Egypt's central bank said on Tuesday it intervened in the market to prop up the Egyptian pound, helping the local currency to rise against the dollar for the first time since political unrest gripped the country.

The currency had tumbled steadily since the eruption of political protests on Jan 25, and earlier in Tuesday's session it had reached a fresh six-year low.

The country's forex trading rooms were closed all of last week and only reopened on Sunday.

The pound strengthened on Tuesday by 1.4 percent to 5.876 to the dollar, from 5.960 earlier in the session.

Traders said the central bank seemed to be trying both to deter speculators and to restore confidence before the stock market reopens next week. The fate of the pound could play a big role in determining the extent shares are hurt by the crisis.

We intervened in the market, the bank's Deputy Governor Hisham Ramez said by telephone, declining to specify the amount.

One trader said the central bank had sold pounds to Egyptian banks, pushing up the value of the currency, then repurchased them moments later at the higher rate, a move that caught out banks who were long dollars.

This allowed the central bank to intervene without dipping into foreign reserves.

The trader estimated the size of the intervention at not less than $1 billion and not more than $1.6 billion.

This will make people think twice before taking positions on the dollar, the trader said.

The central bank said it last intervened directly in early 2009 in the wake of the global economic crisis. Bankers say it has often intervened indirectly via state banks since then, but it does not comment when asked about this activity.

It is a brutal intervention, said a trader at a bank in Cairo. We have seen the worst of the capital flight. They now want room to breathe before the stock exchange opens next week.

ACTION SOONER THAN EXPECTED

One economist said he had not expected the central bank to intervene before the pound had fallen to 6 to the dollar.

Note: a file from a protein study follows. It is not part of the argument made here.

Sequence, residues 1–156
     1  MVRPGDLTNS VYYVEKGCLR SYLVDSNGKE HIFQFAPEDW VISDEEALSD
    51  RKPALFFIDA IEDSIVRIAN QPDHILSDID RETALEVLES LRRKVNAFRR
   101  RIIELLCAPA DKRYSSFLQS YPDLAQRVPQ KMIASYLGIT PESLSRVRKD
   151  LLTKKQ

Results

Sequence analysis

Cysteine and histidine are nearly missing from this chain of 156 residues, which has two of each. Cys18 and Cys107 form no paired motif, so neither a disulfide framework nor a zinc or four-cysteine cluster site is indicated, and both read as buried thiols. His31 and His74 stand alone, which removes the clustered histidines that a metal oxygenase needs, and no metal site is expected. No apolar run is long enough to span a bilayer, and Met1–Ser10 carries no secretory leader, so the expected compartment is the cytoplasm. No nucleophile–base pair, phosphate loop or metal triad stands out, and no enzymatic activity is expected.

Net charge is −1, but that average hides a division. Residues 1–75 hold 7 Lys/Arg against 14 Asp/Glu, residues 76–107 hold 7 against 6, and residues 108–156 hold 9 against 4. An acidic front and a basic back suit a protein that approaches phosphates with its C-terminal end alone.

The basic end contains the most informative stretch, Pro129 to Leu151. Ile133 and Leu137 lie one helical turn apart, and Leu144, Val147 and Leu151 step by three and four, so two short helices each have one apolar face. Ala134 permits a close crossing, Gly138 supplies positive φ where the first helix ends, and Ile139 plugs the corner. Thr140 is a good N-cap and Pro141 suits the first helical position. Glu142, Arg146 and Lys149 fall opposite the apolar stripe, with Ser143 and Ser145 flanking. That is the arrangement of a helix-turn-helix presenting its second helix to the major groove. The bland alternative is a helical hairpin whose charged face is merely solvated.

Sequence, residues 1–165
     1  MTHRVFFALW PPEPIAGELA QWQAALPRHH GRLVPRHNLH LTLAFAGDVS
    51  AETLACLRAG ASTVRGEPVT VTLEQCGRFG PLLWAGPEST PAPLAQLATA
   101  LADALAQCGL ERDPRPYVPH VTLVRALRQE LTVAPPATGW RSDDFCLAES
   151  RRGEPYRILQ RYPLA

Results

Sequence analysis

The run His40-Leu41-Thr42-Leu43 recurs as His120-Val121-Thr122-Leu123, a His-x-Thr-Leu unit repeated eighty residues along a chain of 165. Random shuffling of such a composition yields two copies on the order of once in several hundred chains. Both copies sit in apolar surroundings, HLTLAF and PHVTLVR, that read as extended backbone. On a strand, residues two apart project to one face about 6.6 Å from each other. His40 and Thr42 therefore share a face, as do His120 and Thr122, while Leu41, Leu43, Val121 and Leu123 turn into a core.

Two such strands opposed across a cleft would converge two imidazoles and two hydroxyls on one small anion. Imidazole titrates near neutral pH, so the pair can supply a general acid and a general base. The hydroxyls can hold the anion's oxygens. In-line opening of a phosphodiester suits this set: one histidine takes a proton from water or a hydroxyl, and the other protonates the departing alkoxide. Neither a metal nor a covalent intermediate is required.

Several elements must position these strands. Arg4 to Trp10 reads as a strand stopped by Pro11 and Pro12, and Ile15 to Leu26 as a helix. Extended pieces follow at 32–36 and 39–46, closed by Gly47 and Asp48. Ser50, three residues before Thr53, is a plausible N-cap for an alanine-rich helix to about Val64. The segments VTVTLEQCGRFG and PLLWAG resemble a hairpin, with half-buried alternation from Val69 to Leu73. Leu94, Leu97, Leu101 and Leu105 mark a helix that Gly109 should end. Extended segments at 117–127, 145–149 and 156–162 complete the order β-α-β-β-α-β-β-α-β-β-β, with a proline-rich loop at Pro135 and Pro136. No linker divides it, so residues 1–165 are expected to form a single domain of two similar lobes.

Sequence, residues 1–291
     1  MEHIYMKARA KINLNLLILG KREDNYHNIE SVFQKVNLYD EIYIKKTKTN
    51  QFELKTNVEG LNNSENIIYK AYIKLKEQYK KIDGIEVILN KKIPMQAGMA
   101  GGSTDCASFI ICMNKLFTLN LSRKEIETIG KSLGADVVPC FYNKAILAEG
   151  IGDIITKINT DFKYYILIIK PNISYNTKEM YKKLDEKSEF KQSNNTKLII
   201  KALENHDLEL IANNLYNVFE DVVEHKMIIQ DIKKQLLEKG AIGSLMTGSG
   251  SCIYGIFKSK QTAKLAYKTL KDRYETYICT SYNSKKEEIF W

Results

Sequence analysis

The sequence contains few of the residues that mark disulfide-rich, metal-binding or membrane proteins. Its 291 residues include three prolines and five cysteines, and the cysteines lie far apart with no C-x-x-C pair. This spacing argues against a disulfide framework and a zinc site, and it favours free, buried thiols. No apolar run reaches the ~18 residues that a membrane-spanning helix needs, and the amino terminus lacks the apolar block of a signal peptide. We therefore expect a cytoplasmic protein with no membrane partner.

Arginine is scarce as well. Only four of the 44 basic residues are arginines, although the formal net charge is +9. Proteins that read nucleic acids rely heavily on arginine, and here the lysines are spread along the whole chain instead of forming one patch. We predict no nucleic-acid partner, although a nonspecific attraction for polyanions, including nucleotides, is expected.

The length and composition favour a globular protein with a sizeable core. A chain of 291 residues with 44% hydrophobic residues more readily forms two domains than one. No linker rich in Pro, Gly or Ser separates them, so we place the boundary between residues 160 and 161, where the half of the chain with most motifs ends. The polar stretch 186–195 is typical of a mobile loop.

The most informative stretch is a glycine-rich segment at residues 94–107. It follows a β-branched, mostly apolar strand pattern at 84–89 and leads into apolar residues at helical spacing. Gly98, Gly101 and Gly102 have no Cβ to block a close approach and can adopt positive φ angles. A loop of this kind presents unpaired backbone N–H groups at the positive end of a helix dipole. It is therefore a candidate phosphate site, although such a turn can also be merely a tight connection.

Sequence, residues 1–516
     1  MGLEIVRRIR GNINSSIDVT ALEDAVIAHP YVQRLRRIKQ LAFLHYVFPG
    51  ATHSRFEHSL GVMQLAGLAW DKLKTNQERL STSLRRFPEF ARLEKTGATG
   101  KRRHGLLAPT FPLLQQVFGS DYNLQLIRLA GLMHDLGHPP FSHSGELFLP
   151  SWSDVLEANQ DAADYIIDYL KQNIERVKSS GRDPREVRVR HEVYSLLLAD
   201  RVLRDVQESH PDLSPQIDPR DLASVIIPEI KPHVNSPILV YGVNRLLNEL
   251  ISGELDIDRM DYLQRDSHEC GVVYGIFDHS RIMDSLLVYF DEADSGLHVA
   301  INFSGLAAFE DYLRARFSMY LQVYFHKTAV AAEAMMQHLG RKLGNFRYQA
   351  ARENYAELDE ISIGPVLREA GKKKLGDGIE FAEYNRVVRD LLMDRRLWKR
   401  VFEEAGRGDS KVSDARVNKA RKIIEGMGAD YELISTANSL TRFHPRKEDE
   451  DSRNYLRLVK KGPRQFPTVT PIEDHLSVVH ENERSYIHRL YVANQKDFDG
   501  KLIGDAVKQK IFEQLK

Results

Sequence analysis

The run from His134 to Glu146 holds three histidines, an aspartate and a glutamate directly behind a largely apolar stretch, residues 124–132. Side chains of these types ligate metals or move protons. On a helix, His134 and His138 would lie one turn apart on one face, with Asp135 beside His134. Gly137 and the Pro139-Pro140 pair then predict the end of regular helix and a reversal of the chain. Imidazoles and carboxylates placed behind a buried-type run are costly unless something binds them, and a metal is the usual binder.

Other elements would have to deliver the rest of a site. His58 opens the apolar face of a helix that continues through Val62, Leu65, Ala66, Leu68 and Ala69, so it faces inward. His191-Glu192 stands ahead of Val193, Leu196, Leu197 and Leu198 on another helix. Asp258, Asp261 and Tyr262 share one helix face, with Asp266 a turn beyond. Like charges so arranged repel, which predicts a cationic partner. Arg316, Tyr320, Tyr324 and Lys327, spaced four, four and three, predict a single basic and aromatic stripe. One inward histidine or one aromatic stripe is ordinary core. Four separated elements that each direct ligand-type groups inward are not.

They are doing it earlier than the market had expected, which shows that they are taking seriously the issue of pound depreciation and they will intervene at any cost, said John Sfakianakis, an economist with Banque Saudi Fransi.

Forex traders said Egypt's state banks had been selling foreign currency in the previous two days to support the pound, which last closed at 5.816 to the dollar before the anti-government protests began.

Foreign investors spooked by the protests that paralysed much of the economy have been pulling funds out of the country, and there were no foreign bids at an auction of 15 billion pounds of domestic treasury bills on Monday.

Foreigners had been keen buyers of T-bills, attracted by Egypt's reputation for political stability and encouraged by strong growth that was running at about 6 percent a year before unrest hit key revenue earners such as the tourism industry.

Offshore holdings of T-bills were historically high before the crisis, somewhere in the order of 20 percent -- the historical average is 8 percent, said Antoon de Klerk, emerging debt analyst at Investec Asset Management in Cape Town.

We think it will slowly move back towards the average.

One currency trader estimated volume on the interbank currency market at $1.6-1.7 billion on Sunday and $1 billion on Monday. Traders put volume in normal times at $300-400 million.

Given that international markets are selling off Egypt and anticipated capital outflow is still very much on the table, there is little reason to expect the pound levelling off, Sfakianakis said at Banque Saudi Fransi.

Egypt's central bank had about $36 billion in foreign reserves and its banks were exceptionally liquid before the crisis, giving the country a war chest to help it to weather the crisis.

This local market itself is very liquid and can cover the needs of the Ministry of Finance, Ramez said. I think the market will normalise soon.

Bankers are bracing for a sell-off on Sunday of shares, which are a far more risky asset class than treasury bills because they are not guaranteed by the government, a trader said.

So far we have seen the impact of the T-bills, but we have not seen the stocks impact, he said.

Egypt's central bank accepted fewer bids than treasury bills it offered on Monday in an oversubscribed auction that received no foreign bids, suggesting demand has been knocked lower by the persisting political unrest.

The small number of Egyptian companies listed in London via global depositary receipts (GDRs) sold off sharply in the first few days of the protests but have since recouped some of their losses.

Emerging market analysts also think the pound could weaken further.

Despite the banking system possessing reasonable FX reserve ammunition, the Egyptian pound may be vulnerable on a variety of dimensions if protests last for 1-3 months, said UBS analysts in a note.

We would not be surprised to see the Egyptian pound depreciate by 20-25 percent over the next month. Whether or not the currency stabilises then depends on how populist the policies of any new regime are.